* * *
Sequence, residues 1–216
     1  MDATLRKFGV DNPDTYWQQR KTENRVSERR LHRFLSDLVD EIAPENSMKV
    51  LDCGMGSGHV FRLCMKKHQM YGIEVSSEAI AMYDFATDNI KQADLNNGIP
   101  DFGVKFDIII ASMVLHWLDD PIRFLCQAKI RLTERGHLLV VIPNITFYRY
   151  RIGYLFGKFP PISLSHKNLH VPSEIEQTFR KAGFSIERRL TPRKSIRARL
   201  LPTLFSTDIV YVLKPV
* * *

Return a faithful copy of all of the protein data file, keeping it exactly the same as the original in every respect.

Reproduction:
Sequence, residues 1–216
     1  MDATLRKFGV DNPDTYWQQR KTENRVSERR LHRFLSDLVD EIAPENSMKV
    51  LDCGMGSGHV FRLCMKKHQM YGIEVSSEAI AMYDFATDNI KQADLNNGIP
   101  DFGVKFDIII ASMVLHWLDD PIRFLCQAKI RLTERGHLLV VIPNITFYRY
   151  RIGYLFGKFP PISLSHKNLH VPSEIEQTFR KAGFSIERRL TPRKSIRARL
   201  LPTLFSTDIV YVLKPV